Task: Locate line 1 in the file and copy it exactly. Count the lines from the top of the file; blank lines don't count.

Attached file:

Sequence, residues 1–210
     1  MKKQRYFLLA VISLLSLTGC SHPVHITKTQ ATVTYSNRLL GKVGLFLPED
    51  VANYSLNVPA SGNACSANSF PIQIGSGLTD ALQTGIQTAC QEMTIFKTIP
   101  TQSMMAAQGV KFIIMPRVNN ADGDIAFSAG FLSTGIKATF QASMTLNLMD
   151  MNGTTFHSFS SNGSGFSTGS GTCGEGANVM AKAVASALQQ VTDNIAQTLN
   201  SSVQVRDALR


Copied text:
Sequence, residues 1–210